If your investments in stocks or real estate are going south or sideways, you might want to take a stab at investing in different currencies such as the Japanese yen. The yen reacts to Japanese interest and inflation rates, as well as the relative strength of other economies in the Asian/Pacific sphere, such as China. The foreign-exchange, futures, options, stock and bond markets all offer diverse methods of speculating in the yen.
In the foreign exchange, or forex, markets, investors can take positions in the Japanese currency relative to other widely traded monies such as the U.S. dollar and the euro. Forex contracts are highly leveraged, meaning you need only a small capital investment to trade the currency pairs. Long positions anticipate the yen will rise; short positions bet the other way. The forex markets remain open 24 hours a day throughout the work week, from the Monday opening in Asia until the Friday close in New York. To get a feel for how forex trading works, try a practice account with one of the larger online brokers, which do not charge any initial investment, trading commissions or account fees.
With a futures contract, an investor speculates on the rise or fall of the yen within a limited period of time. Each contract has an expiration date and a fixed strike price. Investors can also buy and sell options contracts on these futures. Yen futures are traded on the Chicago Mercantile Exchange. For access, you need to sign up with a broker who can accept and execute your trades. As in forex trading, the futures market is a leveraged play that carries a high degree of risk. You can lose your initial investment, and more, if your position goes against you. For this reason, a managed futures account lets you place your money with an experienced dealer who carries out the trades and limits your risk.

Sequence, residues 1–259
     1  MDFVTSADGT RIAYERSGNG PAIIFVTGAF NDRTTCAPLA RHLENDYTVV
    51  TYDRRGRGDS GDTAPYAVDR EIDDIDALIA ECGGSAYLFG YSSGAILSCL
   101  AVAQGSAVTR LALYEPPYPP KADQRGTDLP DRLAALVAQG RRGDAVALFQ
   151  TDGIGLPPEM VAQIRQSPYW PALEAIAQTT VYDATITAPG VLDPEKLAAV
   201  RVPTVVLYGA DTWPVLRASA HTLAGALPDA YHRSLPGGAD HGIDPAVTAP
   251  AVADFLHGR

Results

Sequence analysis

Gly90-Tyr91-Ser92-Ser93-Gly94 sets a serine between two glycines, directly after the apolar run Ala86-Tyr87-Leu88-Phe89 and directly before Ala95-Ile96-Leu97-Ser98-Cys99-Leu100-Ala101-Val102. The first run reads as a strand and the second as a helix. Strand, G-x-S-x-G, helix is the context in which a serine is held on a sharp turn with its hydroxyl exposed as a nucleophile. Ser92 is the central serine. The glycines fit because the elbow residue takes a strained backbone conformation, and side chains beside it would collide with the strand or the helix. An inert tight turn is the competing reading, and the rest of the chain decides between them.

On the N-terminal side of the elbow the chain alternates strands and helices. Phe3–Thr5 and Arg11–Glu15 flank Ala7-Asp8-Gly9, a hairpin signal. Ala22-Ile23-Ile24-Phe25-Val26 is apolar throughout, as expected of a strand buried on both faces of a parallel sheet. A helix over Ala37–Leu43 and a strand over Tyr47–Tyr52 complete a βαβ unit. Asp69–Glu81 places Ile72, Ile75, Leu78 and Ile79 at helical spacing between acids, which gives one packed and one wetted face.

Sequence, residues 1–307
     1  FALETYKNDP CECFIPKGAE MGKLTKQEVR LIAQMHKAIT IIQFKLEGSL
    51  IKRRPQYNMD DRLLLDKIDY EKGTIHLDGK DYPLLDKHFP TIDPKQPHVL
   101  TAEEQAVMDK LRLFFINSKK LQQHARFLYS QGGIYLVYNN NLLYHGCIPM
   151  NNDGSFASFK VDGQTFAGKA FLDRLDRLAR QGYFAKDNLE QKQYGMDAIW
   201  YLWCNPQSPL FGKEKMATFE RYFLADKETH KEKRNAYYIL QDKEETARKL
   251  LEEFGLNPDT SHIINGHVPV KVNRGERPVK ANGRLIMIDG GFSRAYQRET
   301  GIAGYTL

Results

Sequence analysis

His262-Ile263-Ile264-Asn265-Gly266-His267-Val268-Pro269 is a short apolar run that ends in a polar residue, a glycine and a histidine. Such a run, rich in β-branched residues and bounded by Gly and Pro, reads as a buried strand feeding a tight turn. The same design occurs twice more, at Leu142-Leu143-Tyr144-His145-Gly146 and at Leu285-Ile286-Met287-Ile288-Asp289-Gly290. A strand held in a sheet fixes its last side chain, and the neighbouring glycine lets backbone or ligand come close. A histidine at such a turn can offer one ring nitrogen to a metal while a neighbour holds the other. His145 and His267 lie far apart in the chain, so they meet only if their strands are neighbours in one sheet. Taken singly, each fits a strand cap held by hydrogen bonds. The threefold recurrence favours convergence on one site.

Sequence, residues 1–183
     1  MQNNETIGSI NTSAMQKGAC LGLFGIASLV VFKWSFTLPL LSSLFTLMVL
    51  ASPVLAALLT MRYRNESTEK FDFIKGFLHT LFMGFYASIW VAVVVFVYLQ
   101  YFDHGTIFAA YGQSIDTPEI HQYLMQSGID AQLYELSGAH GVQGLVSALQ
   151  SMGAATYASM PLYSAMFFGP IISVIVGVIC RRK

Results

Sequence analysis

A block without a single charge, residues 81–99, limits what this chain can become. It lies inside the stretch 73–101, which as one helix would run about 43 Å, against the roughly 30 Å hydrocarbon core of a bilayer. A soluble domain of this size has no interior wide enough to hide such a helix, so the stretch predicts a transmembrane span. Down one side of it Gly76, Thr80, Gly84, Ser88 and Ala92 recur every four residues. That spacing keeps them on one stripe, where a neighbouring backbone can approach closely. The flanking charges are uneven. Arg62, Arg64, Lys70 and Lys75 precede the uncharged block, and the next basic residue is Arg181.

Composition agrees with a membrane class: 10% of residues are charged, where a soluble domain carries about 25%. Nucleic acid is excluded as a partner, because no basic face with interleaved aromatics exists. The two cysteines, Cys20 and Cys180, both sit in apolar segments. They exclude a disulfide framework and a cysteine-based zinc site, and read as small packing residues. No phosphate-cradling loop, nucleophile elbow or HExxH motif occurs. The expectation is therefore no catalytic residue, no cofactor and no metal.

Yen investors also have exchange-traded funds (ETF) available, including Rydex Currency Shares Japanese Yen Trust (ticker symbol FXY), the yen fund that rises and falls with the Japanese currency. The ETF managers do the trading; ETF investors simply buy collateral shares on the open market that rise and fall with the overall performance of the fund, much like a stock mutual fund. Exchange-traded funds such as the iShares Japan Index (EWJ) are also available that invest directly in the Japanese stock market. A rising yen tends to make these shares more valuable.
Stocks and Bonds
You can profit indirectly from a yen rise by buying shares in Japanese companies such as Toyota, Mitsubishi, Matsushita, Nissan and Canon, all of which are available for trading through a broker on the New York Stock Exchange. Yen appreciation against the dollar tends to boost Japanese share prices. Stock investors also benefit from any dividends paid by the company. Although they pay quite low rates of interest, Japanese government bonds are an alternate investment. Their price will reflect more general economic conditions in Japan such as trade deficits, GDP growth, interest rates and inflation.
Founder/president of the innovative reference publisher The Archive LLC, Tom Streissguth has been a self-employed business owner, independent bookseller and freelance author in the school/library market. Holding a bachelor's degree from Yale, Streissguth has published more than 100 works of history, biography, current affairs and geography for young readers.